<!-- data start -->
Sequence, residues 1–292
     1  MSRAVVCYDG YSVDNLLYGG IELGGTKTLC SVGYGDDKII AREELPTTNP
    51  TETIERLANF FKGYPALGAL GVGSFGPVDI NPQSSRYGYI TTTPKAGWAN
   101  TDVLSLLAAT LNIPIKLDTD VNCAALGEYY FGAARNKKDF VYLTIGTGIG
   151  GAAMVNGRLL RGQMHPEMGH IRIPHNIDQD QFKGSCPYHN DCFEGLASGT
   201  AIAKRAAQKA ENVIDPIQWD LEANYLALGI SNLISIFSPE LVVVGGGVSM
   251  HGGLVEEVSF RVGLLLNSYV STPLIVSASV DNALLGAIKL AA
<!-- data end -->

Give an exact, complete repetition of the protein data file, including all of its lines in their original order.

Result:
Sequence, residues 1–292
     1  MSRAVVCYDG YSVDNLLYGG IELGGTKTLC SVGYGDDKII AREELPTTNP
    51  TETIERLANF FKGYPALGAL GVGSFGPVDI NPQSSRYGYI TTTPKAGWAN
   101  TDVLSLLAAT LNIPIKLDTD VNCAALGEYY FGAARNKKDF VYLTIGTGIG
   151  GAAMVNGRLL RGQMHPEMGH IRIPHNIDQD QFKGSCPYHN DCFEGLASGT
   201  AIAKRAAQKA ENVIDPIQWD LEANYLALGI SNLISIFSPE LVVVGGGVSM
   251  HGGLVEEVSF RVGLLLNSYV STPLIVSASV DNALLGAIKL AA